Three trials had no post-intervention follow-up [98, 99, 101], one trial had a follow-up at 3 weeks [102], and another at 6 months [100]. The Qigong group was compared to a group that participated in social and leisure activities [98]. Two Tai Chi studies were add-on trials where all participants received usual rehabilitative care [99, 101]. One Tai Chi trial had two control groups, usual care, and computerized cognitive training [100], and for one trial the control group was participants waiting to join a Tai Chi group [102].

There was significant diversity in the outcome measures between all 5 trials. None of the trials specifically measured return to school, sports, work, or usual activities. Moreover, none of the trials measured multi-modal treatment strategies including vestibular rehabilitation or assessed inflammatory markers. Four of the five trials measured participants’ psychological state: two by the Medical Outcomes Scale Short Form 36 (SF-36) [101, 102], and one each by the General Health Questionnaire [98], Rosenberg Self-Esteem Scale (RSES) [102], the Visual Analogue Mood Scale (VAMS) [102], and the Centre for Epidemiological Depression Scale [100]. Three studies measured physical fitness either through the Fugl-Meyer Assessment (FMA) [101], the Physical Self-Description Questionnaire [98], or by hand grip strength, sit-stand, and balance [100]. Two trials assessed activities of daily living (ADLs), through the Standard Self-Care Scale [99] or the Barthel Index [101]. One study, that only included subjects 55 years and older, measured cognitive status including the Mattis Dementia Rating Scale (MDRS), Mini-mental state examination (MMSE), modified Telephone Interview of Cognitive Status (TICS-M), and Trail Making Test (TMT) [100]. A summary of trial characteristics is noted in Table 3.

Table 3 Characteristics of clinical trials on Tai Chi and Qigong for traumatic brain injury

A meta-analysis was not performed given the limited number of trials, as well as the heterogenicity in population characteristics, intervention types, duration of intervention, and outcome measures.

Risk of bias and GRADE assessment of randomized and non-randomized controlled trials

The RoB 2.0 tool was used to assess risk of bias in the three RCTs (Table 4). Given the nature of Tai Chi, research participants were unable to be blinded to the study intervention; however, the person assessing the outcome measures were blinded to group allocation. Two RCTs had full scores and were considered to have a low risk of bias [98, 100]. There was some risk of bias in one RCT due to the method used for randomization [102].

Table 4 Risk of Bias and GRADE assessment of randomized controlled trials of Tai Chi and Qigong for traumatic brain injury

The ROBINS-I tool was used to assess risk of bias in the two non-RCTs (Table 5). One trial had a moderate risk of bias as it did not consider confounding variables, and there were moderate concerns regarding selective reporting of outcome measures [101]. The other trial was considered to have a serious risk of bias as it also did not report on confounding variables and there were moderate concerns regarding the measurement of outcomes and the selection of reported results [99].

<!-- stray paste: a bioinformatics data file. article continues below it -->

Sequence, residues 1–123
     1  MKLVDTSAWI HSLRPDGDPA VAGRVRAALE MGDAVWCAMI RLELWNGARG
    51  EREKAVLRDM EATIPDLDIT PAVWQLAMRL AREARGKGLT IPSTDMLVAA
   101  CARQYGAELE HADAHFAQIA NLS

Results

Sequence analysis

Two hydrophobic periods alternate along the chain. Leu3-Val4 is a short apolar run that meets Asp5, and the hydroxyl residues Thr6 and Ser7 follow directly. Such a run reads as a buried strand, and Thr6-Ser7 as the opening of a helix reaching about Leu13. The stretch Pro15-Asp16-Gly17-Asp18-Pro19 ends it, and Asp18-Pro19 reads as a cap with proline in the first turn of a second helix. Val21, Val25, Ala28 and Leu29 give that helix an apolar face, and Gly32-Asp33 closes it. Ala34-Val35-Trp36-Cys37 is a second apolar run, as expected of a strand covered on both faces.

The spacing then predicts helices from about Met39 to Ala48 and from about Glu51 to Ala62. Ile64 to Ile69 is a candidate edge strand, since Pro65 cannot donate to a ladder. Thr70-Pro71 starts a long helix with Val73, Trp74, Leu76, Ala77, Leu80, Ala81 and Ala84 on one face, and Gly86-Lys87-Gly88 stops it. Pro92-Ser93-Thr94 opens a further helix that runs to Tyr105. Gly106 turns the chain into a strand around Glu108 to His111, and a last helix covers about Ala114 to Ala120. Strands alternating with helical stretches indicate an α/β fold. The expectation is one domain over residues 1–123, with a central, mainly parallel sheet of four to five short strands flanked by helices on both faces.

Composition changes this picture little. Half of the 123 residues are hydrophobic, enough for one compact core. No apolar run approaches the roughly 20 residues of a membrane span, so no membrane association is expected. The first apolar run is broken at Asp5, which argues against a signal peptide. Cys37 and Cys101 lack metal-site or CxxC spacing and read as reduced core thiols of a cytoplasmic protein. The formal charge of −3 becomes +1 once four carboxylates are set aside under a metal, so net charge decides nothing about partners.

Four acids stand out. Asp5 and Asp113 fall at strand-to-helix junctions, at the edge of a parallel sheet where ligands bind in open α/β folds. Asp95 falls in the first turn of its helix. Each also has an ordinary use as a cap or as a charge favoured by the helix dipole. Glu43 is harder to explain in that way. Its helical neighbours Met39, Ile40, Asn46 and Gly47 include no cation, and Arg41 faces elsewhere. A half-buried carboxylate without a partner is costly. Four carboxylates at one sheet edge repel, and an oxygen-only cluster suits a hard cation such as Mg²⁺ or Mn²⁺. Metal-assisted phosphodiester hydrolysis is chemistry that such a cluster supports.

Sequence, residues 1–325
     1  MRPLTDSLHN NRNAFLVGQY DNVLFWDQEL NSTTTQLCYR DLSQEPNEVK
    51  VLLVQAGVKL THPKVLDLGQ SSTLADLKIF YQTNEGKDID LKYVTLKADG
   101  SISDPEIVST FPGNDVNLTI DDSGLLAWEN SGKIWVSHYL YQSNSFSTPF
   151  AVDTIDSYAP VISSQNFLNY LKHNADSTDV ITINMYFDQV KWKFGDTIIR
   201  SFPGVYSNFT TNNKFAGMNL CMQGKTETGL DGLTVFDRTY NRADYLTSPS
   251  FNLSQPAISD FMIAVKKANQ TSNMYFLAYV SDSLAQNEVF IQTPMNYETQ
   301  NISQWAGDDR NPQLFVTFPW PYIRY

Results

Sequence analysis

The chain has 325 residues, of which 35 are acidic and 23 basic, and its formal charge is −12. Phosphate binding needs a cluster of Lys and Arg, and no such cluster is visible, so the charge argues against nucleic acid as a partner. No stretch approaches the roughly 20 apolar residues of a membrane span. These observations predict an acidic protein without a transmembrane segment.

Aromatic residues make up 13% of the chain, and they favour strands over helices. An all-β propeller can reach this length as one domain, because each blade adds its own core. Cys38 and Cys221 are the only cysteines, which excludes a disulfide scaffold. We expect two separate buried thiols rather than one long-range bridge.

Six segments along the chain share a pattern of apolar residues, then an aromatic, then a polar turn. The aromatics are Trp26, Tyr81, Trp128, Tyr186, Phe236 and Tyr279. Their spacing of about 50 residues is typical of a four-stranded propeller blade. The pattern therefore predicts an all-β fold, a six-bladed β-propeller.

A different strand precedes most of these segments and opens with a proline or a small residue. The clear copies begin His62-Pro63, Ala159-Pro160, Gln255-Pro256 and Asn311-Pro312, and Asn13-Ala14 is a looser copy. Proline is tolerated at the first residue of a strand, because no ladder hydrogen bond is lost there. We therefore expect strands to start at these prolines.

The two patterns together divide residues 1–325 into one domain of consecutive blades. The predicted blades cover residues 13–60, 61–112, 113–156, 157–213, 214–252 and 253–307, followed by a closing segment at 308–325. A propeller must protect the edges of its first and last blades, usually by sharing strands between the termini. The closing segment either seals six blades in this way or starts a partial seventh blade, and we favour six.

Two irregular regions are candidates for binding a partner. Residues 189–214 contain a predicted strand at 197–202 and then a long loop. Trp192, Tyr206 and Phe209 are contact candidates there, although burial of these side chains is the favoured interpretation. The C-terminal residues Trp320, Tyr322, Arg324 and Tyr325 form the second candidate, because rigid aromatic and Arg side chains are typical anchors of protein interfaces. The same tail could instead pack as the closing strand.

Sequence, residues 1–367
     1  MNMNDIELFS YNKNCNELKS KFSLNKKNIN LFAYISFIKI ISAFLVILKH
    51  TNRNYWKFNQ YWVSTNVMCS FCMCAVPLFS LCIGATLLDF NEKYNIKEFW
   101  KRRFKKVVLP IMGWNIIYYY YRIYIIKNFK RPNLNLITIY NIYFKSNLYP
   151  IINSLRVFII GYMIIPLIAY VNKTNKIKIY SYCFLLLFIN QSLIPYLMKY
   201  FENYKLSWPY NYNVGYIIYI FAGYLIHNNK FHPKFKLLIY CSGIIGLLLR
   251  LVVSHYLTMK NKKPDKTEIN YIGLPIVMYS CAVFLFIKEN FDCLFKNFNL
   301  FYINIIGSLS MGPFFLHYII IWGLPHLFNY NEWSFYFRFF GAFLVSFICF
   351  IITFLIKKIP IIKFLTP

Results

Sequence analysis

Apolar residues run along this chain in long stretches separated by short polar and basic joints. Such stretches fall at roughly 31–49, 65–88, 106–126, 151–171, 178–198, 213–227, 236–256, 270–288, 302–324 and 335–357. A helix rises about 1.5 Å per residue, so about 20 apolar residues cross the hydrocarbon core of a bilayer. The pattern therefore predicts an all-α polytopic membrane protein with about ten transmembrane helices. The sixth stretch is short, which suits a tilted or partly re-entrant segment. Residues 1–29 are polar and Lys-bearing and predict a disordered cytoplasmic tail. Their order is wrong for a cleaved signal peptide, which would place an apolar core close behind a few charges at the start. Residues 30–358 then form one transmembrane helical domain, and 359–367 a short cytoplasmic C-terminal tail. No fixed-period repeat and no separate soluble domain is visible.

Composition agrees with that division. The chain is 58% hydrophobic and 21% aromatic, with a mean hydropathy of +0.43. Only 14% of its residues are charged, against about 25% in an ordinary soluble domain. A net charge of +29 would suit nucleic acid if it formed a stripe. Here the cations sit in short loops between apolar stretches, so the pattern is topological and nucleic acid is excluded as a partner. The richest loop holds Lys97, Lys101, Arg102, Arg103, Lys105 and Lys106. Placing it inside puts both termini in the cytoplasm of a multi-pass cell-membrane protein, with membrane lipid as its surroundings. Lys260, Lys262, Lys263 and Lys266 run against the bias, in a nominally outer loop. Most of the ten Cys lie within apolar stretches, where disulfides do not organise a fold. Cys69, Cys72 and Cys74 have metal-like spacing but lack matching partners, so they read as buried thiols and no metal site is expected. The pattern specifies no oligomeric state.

Table 5 Risk of bias and GRADE assessment of non-Randomized controlled trials of Tai Chi and Qigong for traumatic brain injury

The GRADE tool was used to assess all five trials (Table 4, Table 5). The certainty of evidence generated by the three RCTs was higher than the two non-RCTs as the three RCTs had lower risk of biases. One RCT met all domain requirements and was assessed to have a high certainty of evidence [100]. The other two RCTs’ quality of evidence was determined to be of moderate quality due to concerns with imprecision [98, 102]. Risk of bias and publication bias, with the addition of imprecision for one non-RCT [99], were the reasons for the lower scores for the non-RCTs [101].

Sub-group analyses and a funnel plot were not conducted due to insufficient data.

Primary outcome measures

The most common primary outcome measures were functional status (activities of daily living and physical functioning), followed by psychological indicators and then cognitive function. “Return to normal activities” was not measured in any of the trials, nor were vestibular symptoms.

Functional status

Xu assessed physical functioning and disability in 98 patients with TBI after a 3-month intervention of Tai Chi plus usual care or usual care alone. The Fugl-Meyer Assessment (FMA) was used to assess physical functioning, proprioception, balance, and joint pain, while the Barthel Index was used to assess disability. Statistically significant differences were identified between the Tai Chi and control groups (p = < 0.05) for both the FMA and Barthel Index scores [101].

Gemmell and Leathem used the SF-36 to assess physical function in 18 people with TBI after a 6-weeks of Tai Chi or being on a waiting list. Results showed no significant difference between the exercise and control group, except the Tai Chi group reported less difficulty performing usual activities due to less emotional turmoil than the control group [102].

Using the Standard Self-Care Scale to assess ADLs, Manko and colleagues evaluated the effectiveness of Tai Chi plus usual care vs usual care alone for 40 patients aroused from a prolonged coma after a severe TBI over a 6-week period. Within the Tai Chi group, there was improvement in reported self-care capacities, but the results did not reach statistical significance (p = 0.054) [99].

Psychological status